Shakespeare’s Hamlet, shows strong prejudice against woman especially with such characters of Ophelia and Gertrude. Shakespeare created an interesting character with Gertrude; he created a character that sits in the middle of all the conflict and appears to not partake in much of it. However Gertrude does seem intent in defusing it at every possible chance she receives. Gertrude is a central figure in the play. She appears a great deal but doesn’t say much – implying mystery and creating an interesting uncertainty in the audience.
Ophelia, the implied lover of Prince Hamlet, and Queen Gertrude, his mother, do not appear significant, but their actions and characters allow for other events to unfold. Gertrude and Ophelia are manipulated and belittled. In their weak will, they end up betraying Hamlet. Observing their manipulation by other people, Hamlet is able to justify and go through with his actions. Despite Ophelia’s weak will, the male characters respond dramatically to her actions, proving that women indeed have a large impact in Hamlet.
Shakespeare uses the characterization of Kate to demonstrate how she defies traditional gender roles by being the only person to speak in iambic pentameter. This demonstrates her intelligence unlike many women. In addition, Kate doesn 't enjoy receiving orders from others. When her father leaves with Bianca and tells Kate she may stay, she gets angry. "Why, and I trust I may go too, may I not?
Certainly she is fond of Hamlet. Not only is she prepared to listen to him when he storms at her, proof that he is sufficiently close to her to have a right to make comments on her personal life, but she is unfailingly concerned about him. (46-47) Gunnar Bokland in “Hamlet” describes Gertrude’s moral descent during the course of Shakespeare’s Hamlet: With Queen Gertrude and finally also Laertes deeply involved in a situation of increasing ugliness, it becomes clear that, although Claudius and those who associate with him are not the incarnations of evil that Hamlet sees in them, they are corrupt enough from any balanced point of view, a condition that is also intimated by the “heavy-headed revel” that distinguishes life at the Danish court. (123) Gertrude’s “contamination” does indeed affect the hero. Courtney Lehmann and Lisa S. Starks in "Making Mother Matter: Repression... ... middle of paper ... ... Lehmann, Courtney and Lisa S. Starks.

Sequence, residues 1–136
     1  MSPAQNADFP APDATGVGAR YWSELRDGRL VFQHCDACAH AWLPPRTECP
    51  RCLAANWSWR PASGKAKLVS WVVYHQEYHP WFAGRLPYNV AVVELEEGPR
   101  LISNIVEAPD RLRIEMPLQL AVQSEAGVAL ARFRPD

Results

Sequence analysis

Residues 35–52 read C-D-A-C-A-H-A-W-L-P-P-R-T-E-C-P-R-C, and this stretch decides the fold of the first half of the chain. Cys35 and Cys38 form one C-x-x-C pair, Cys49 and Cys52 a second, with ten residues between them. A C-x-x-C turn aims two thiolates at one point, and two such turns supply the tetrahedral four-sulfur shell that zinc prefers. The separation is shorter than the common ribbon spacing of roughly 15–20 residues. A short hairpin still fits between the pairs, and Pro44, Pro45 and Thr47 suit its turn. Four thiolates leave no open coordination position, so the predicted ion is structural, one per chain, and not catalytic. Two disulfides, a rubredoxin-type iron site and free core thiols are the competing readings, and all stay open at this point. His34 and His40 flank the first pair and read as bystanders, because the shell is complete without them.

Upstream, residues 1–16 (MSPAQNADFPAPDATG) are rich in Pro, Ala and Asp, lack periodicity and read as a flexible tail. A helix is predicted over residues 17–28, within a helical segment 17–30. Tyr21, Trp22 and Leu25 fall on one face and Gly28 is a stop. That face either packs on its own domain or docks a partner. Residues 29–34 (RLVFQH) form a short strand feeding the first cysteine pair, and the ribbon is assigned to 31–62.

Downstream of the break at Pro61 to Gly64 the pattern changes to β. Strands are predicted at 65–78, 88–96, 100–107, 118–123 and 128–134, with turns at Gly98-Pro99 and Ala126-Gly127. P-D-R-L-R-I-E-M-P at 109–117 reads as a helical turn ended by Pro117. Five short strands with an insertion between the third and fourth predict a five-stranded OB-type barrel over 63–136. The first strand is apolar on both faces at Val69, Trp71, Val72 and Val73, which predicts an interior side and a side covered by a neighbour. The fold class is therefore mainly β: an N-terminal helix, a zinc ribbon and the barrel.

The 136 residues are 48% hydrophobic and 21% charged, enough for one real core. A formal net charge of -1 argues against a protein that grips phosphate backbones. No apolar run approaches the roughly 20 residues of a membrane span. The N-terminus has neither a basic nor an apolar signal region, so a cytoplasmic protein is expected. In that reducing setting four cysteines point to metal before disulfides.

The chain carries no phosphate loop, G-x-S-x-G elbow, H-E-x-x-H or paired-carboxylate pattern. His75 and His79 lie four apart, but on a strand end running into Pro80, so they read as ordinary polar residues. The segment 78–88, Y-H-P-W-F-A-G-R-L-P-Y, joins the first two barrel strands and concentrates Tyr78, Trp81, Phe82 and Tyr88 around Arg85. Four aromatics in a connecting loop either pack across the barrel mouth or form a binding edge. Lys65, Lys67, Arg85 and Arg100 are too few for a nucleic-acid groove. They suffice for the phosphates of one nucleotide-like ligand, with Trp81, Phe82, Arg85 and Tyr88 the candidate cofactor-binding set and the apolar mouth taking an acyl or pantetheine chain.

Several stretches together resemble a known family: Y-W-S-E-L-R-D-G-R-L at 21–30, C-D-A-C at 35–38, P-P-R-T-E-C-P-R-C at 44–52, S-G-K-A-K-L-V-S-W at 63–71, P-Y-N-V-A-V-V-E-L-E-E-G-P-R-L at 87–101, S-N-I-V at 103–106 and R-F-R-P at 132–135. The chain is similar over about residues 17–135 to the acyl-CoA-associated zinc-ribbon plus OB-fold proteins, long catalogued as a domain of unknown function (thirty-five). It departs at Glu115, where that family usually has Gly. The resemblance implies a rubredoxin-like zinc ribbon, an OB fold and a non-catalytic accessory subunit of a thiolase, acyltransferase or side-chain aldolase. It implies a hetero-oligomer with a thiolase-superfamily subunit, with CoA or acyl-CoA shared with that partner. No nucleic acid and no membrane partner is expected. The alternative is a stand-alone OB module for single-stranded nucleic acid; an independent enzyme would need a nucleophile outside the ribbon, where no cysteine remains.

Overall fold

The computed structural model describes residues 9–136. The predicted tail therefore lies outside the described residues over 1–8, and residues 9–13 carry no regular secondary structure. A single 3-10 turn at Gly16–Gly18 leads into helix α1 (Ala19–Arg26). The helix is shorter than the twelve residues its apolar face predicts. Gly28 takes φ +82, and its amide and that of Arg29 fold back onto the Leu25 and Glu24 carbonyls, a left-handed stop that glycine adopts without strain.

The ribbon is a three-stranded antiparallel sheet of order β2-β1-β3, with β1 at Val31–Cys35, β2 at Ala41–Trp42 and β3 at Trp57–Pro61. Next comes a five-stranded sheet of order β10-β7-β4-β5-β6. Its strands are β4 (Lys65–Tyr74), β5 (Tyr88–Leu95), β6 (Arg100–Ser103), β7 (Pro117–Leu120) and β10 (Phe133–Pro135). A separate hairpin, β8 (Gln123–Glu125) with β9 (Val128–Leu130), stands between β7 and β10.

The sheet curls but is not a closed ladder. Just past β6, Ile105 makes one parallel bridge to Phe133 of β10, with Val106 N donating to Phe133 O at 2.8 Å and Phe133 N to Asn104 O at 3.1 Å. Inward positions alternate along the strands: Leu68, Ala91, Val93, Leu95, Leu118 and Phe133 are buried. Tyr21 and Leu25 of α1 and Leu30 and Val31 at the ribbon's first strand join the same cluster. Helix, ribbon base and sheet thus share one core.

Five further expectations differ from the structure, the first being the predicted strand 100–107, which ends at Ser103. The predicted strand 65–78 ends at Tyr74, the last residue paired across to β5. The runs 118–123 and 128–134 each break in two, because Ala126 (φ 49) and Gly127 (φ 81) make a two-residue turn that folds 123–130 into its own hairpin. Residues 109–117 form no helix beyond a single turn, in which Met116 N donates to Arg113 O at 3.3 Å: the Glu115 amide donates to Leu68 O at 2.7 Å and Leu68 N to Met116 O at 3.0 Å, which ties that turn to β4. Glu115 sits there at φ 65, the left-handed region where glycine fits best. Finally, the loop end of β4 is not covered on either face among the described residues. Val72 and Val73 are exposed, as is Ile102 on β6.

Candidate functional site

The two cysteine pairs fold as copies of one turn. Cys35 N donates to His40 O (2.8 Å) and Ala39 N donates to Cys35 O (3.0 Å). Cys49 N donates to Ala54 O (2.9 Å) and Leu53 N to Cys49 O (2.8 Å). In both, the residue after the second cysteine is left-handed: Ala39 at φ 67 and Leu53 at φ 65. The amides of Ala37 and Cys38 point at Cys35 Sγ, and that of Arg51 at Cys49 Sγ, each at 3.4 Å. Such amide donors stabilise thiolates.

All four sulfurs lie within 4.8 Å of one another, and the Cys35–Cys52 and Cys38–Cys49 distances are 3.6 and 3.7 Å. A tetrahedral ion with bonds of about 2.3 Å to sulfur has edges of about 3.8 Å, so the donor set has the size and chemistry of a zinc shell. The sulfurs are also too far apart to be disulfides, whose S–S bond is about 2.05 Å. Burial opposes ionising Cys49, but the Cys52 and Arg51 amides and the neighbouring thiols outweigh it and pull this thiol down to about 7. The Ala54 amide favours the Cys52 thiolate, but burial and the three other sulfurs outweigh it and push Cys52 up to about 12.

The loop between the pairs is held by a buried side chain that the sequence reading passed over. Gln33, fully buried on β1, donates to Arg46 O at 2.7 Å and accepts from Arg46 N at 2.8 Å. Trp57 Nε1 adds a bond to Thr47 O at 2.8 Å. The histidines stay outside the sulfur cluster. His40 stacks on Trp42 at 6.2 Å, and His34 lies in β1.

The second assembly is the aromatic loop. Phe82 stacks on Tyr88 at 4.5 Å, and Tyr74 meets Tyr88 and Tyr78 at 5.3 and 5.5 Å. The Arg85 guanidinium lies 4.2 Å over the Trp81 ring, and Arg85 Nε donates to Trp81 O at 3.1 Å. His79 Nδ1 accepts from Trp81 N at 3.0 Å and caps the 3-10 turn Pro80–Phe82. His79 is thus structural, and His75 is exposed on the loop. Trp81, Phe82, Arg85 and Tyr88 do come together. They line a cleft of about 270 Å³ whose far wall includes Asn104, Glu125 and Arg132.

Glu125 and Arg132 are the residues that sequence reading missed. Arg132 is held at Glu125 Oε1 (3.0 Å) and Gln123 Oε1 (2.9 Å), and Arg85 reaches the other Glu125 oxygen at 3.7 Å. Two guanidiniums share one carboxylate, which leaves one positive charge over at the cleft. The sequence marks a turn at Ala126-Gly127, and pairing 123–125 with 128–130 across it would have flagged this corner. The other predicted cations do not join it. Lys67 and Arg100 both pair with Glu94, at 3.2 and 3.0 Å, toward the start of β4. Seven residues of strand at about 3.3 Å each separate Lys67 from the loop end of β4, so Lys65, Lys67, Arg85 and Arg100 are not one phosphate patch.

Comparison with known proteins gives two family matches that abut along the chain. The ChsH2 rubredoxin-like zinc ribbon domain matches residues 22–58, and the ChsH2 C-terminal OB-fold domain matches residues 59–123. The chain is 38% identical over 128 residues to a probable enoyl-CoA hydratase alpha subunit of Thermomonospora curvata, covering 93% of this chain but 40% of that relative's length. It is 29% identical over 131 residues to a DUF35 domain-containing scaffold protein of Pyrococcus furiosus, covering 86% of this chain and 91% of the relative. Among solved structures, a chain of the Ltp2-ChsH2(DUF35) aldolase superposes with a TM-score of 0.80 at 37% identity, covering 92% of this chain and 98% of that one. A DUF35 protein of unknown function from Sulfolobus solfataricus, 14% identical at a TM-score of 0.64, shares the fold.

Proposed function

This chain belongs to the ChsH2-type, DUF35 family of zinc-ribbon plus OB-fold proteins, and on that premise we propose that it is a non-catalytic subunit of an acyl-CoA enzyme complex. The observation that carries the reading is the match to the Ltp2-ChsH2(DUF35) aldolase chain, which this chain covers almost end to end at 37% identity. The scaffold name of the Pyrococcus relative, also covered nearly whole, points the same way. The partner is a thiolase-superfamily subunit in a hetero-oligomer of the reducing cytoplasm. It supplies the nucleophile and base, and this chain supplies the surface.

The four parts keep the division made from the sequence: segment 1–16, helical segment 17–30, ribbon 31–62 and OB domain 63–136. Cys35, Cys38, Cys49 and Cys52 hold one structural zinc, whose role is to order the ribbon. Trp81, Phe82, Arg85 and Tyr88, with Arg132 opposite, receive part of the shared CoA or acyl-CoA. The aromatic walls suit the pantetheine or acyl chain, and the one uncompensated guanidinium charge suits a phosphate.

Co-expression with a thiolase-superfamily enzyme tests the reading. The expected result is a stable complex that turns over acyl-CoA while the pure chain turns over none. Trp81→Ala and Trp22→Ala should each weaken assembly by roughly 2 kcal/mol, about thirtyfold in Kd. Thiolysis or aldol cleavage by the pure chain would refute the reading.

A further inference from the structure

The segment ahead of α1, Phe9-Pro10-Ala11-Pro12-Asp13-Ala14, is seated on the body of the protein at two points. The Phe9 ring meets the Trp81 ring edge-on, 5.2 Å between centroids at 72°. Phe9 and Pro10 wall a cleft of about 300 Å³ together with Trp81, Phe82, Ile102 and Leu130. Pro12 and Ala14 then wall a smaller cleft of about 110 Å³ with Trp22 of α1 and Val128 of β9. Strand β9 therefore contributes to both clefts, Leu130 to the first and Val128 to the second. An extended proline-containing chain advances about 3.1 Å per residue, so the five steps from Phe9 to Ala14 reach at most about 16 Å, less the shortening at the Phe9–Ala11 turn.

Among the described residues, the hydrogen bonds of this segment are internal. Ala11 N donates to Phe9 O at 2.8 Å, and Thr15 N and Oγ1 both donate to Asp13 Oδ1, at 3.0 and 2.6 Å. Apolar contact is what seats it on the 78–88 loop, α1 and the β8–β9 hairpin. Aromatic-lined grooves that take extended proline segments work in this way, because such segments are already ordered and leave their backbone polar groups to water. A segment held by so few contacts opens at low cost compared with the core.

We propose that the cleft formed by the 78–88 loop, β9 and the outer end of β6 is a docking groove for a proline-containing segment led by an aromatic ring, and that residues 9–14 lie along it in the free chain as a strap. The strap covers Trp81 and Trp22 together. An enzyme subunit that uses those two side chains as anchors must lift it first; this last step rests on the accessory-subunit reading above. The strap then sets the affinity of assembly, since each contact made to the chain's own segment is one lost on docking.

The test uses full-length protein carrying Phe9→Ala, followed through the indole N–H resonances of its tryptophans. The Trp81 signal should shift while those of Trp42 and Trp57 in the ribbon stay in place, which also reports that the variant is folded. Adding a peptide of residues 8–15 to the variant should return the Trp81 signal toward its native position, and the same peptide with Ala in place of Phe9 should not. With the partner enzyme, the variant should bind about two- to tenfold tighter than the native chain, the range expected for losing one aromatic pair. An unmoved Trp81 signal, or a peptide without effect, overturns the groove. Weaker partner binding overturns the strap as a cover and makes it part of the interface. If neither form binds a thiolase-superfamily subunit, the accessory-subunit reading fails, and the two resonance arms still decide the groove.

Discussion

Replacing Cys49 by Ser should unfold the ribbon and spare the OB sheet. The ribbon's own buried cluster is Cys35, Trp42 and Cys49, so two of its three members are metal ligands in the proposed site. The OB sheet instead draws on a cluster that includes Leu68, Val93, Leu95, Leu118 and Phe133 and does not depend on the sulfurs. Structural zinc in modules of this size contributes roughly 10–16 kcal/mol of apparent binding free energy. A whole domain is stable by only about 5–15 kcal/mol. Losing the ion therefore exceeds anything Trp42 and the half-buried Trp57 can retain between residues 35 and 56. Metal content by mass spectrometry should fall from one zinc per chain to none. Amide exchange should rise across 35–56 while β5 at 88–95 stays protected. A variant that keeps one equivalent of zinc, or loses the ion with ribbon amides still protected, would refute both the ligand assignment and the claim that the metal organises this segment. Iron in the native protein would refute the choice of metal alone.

Fischer, Sandra K. "Hearing Ophelia: Gender and Tragic Discourse in Hamlet." Renaissance and Reformation/Renaissance et Réforme 26.1 (2009): 1-10. 5 Feb. 2014. Hunt, Cameron. “Jephthah’s Daughter’s Daughter: Ophelia.” Anq 22.4 (2009): 13-16.
Hamlet declares that he loved Ophelia once. He warns her that she should not have believed him, because virtue is not something that can be replaced and they are now tainted. He informs her that he never loved her. Perhaps the harshest line with a reference to Ophelia's state of virginity is when Hamlet announces, "Get thee to a nunnery -- why wouldst thou be a breeder of sinners?" (3.1.119-20).
Claudius manipulated her and his traits are not of any quality. Gertrude and Ophelia are easily impressionable, and were easily used to others’ advantages, proving their presence invaluable. It is demonstrated that both Gertrude and Ophelia deserve their fate throughout the play. The women deserve their fate because of their inability to be independent and their ability to be easily influenced. It is important to have independence in all of one’s life, and to be capable of making one’s own choices; Otherwise, many terrible events may occur.